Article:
New and very precise observations using the HARPS spectrograph with the ESO 3.6-metre telescope in Chile have not only detected the motion of the enigmatic bright spots on Ceres due to the dwarf planet’s rotation about its axis, but also found unexpected additional variations suggesting that the material of the spots is volatile and evaporates in sunlight.
Most stars form within clusters and these clusters can be used by astronomers as laboratories to study how stars evolve and die. The cluster captured here by the Wide Field Imager (WFI) at ESO’s La Silla Observatory is known as IC 4651, and the stars born within it now display a wide variety of characteristics.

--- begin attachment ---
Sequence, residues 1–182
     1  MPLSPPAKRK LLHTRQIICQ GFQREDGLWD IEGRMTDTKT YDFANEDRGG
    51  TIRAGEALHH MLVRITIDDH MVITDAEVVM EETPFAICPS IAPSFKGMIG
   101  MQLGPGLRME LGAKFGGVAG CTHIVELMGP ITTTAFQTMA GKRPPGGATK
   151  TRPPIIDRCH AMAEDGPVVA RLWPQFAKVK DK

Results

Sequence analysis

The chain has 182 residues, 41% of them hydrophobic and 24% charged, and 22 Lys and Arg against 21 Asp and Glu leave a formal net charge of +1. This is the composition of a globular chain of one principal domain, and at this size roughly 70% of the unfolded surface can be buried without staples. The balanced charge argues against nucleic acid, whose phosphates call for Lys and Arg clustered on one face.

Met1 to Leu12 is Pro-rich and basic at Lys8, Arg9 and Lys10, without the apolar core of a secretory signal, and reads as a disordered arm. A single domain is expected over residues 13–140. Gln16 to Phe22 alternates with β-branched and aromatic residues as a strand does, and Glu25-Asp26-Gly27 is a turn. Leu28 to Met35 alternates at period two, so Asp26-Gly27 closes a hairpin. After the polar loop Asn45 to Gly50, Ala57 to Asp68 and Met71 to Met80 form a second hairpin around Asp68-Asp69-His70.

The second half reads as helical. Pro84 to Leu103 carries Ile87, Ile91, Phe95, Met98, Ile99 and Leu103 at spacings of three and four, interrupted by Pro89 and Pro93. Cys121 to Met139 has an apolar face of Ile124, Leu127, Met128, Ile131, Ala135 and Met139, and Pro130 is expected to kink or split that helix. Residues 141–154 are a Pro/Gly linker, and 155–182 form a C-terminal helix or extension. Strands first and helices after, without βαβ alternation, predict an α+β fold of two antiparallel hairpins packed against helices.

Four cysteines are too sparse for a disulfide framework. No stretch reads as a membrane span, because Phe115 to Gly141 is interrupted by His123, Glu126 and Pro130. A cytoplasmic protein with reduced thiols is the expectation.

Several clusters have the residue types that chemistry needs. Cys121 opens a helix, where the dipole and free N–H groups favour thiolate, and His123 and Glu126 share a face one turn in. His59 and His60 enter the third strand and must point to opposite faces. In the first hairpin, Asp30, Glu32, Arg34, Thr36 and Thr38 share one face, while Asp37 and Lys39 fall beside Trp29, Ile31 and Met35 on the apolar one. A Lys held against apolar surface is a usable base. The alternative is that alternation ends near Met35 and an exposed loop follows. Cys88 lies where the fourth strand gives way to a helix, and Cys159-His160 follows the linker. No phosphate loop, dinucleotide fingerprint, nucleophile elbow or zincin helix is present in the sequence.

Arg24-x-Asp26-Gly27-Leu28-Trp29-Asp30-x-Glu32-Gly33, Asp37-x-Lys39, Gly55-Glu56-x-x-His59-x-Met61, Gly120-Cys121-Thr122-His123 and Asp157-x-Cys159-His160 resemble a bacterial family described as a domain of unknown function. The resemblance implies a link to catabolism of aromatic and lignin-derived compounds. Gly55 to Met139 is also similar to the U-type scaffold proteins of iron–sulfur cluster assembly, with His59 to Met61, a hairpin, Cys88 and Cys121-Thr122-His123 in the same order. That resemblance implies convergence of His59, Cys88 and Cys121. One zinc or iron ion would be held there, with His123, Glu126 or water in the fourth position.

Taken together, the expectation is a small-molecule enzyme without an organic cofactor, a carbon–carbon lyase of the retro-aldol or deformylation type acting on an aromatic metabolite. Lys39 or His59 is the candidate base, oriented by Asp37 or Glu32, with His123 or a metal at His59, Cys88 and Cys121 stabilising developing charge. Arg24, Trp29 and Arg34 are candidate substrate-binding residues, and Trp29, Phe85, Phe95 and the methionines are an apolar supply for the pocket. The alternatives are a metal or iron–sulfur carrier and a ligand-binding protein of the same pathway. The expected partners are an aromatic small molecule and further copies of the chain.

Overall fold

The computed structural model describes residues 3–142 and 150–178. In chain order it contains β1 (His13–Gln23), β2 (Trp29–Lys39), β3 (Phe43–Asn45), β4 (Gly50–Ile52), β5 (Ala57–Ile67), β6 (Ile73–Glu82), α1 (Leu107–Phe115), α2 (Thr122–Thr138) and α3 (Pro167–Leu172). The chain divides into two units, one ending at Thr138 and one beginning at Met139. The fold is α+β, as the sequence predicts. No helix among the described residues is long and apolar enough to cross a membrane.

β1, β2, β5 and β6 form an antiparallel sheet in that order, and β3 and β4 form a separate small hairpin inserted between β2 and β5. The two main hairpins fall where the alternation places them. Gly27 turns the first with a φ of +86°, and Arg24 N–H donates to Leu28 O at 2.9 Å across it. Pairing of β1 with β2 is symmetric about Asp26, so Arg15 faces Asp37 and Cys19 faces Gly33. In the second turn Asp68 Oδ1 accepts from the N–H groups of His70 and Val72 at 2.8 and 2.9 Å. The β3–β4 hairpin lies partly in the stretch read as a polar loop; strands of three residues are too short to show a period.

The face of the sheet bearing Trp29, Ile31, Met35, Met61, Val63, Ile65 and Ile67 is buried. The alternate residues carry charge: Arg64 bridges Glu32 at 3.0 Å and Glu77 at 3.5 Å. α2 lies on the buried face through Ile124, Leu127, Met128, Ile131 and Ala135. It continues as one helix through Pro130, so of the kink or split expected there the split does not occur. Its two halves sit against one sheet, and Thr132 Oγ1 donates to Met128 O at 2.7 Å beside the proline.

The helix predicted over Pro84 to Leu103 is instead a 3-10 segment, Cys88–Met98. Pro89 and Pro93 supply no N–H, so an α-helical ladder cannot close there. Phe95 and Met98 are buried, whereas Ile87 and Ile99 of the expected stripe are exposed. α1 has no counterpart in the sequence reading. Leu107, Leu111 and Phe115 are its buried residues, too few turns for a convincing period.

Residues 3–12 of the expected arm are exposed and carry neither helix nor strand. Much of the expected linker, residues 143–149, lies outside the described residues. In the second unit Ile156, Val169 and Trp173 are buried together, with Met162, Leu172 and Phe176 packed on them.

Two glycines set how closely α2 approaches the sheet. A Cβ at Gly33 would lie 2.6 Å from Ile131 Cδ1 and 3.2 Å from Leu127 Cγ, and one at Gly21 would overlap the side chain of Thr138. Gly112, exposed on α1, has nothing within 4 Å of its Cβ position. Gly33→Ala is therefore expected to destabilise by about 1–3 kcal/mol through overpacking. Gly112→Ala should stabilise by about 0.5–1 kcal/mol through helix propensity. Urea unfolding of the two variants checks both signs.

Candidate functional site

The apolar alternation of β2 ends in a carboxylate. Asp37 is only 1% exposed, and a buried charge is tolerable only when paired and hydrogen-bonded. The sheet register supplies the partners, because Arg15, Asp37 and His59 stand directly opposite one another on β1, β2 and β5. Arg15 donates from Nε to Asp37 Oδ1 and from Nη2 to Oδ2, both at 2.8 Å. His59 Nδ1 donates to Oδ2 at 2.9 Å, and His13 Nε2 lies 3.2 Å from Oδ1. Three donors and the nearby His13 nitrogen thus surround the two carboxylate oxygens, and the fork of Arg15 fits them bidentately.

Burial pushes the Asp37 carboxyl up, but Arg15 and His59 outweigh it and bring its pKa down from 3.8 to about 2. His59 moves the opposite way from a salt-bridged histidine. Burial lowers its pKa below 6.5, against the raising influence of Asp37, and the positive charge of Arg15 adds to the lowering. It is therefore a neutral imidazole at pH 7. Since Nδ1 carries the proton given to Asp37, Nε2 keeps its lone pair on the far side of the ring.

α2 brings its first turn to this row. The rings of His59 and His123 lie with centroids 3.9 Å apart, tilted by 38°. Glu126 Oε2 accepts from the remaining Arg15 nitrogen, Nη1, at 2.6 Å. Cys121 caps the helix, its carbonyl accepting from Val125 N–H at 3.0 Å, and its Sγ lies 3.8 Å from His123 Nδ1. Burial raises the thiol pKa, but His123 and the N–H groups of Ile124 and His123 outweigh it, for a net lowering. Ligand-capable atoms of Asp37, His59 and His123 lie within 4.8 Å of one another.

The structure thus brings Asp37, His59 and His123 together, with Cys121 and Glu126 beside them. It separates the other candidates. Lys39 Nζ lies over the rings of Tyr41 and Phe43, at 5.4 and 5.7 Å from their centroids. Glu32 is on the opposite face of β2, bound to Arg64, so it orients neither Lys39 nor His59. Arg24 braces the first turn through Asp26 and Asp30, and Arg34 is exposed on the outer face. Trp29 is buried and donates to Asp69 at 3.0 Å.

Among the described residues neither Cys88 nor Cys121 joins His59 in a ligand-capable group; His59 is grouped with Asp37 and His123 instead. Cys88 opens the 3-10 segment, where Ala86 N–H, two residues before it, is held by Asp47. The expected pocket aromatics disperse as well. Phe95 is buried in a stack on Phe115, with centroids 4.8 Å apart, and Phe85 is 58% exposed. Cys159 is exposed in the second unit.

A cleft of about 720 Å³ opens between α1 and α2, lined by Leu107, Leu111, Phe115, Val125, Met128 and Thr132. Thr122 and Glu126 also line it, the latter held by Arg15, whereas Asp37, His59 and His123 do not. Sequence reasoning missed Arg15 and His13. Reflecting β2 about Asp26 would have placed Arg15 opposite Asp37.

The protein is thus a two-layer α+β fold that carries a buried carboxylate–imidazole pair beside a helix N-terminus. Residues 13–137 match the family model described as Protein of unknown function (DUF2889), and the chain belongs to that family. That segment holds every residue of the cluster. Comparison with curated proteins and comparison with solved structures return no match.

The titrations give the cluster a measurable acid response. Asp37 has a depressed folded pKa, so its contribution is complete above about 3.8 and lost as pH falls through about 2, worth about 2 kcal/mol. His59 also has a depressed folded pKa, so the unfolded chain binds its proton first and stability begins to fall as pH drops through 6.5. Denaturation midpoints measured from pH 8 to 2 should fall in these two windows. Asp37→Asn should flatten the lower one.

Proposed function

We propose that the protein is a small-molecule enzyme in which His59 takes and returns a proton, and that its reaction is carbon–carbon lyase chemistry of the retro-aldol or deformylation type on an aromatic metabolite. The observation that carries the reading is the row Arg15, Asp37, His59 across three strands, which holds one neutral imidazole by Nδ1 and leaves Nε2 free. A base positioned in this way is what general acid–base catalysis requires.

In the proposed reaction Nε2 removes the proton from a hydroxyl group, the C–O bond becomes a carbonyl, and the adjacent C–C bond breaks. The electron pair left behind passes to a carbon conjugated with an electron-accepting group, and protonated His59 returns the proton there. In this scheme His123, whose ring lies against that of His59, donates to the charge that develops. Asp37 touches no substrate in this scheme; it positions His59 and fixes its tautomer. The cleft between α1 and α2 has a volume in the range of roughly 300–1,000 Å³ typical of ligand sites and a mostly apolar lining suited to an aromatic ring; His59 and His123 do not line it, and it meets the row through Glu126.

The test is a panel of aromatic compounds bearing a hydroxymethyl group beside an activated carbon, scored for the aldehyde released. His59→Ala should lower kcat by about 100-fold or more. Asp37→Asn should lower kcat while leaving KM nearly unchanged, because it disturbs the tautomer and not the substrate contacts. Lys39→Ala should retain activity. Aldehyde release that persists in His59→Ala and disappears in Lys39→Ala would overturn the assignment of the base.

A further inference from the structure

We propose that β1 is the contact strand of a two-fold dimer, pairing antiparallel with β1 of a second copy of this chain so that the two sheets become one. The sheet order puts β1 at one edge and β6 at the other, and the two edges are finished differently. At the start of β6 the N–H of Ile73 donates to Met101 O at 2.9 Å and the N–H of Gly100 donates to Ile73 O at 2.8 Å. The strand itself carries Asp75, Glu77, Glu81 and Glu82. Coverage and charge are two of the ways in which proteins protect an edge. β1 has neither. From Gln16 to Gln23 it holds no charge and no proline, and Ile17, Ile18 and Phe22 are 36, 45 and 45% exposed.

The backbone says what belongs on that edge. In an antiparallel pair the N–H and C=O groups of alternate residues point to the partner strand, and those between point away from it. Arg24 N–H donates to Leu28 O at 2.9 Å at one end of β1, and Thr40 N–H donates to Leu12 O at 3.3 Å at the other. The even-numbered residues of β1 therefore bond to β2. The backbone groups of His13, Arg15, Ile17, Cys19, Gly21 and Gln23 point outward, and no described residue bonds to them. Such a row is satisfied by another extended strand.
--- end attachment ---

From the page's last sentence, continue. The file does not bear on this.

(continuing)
The chemical element lithium is predicted to have been created by the Big Bang, 13.8 billion years ago. Observations of Nova Centauri 2013 show that lithium has been found for the first time in material ejected by a nova, helping to explain the mystery of why many young stars seem to have more of this chemical element than expected.